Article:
As the world learns to ’live’ with COVID-19, it is interesting to see how people in the workplace are redefining their boundaries, leaning into their own personal leadership and perfecting the art of new skills, with a personal style which is noticeably different.
COVID-19 has redefined the travel ecosystems of the world as one of the industries hardest hit by the pandemic. Low traveller confidence resulted from the severe lockdowns followed by the (initially) slow re-start of travel, coupled with bizarre changes in regulations and requirements.
The recovery of travel since then has been exponential (bar a small bump in the road from Omicron). People at the heart of the industry moved on and reskilled themselves due to financial pressures and the need for alternative forms of livelihood. The result is a massive abrasion in travel ecosystems and a new path of industry recovery. What can we learn from this industry and how do we support people in our organisations in their own recovery?
- Redefining boundaries − People speak of the ‘great resignation’ as a metaphor for people redefining how they like to work and live. In reality, people are placing firm boundaries on how much they give of themselves to work and how they value and spend their non-work hours. People who reskilled during the pandemic are more inclined to hold those boundaries firmer and not compromise. In the travel industry, people are not coming back to ‘old’ roles, and the lack of skills is hurting recovery and, by implication, the recovery of the globalised world.
- Personal leadership − With people having been furloughed or working from home for prolonged periods, the very thought of being told where, when and how to work almost began to feel like a foreign concept. Instead, people have taken ownership and responsibility for themselves and their work in a way that demonstrates a clear leaning into personal power and leading self (as a positive unintended consequence). In the travel industry, the flexibility to reconnect with suppliers and customers has been more instantaneous, and as a result there has initially been a lower propensity to travel. The converse is also true, as people yearn for in-person connection, and hence the demand is exceeding the supply of all commodities related to travel.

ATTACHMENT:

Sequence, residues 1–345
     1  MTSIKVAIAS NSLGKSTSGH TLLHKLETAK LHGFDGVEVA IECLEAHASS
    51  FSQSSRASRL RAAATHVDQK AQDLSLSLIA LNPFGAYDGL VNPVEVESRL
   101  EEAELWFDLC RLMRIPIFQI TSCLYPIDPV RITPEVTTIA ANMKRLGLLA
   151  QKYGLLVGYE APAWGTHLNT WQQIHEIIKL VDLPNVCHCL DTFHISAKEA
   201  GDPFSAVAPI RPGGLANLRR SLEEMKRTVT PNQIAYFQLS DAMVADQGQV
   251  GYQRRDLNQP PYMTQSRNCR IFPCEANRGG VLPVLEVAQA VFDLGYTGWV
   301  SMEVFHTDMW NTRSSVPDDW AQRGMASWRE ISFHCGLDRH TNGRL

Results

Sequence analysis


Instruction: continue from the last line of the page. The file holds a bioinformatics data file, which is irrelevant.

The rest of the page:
- New skills − Considering how we used to do things and the complete inefficiencies, we have come along way during the pandemic to be smarter and operate in a better, digitised ecosystem. Our ability to learn skills when we are under pressure and have no choice is remarkable. We need to harness this ability and continue our trajectory. In the travel industry, digitisation and personalisation have become key to distinguishing the new client experience. This may have resulted in certain roles becoming redundant in the travel ecosystem.
These lessons from the travel industry allow us to reflect on how far we have come in our professional and personal lives during the pandemic. Harnessing these positive outcomes to keep the momentum of personal growth and learning alive enables us to get closer to our personal aspirations.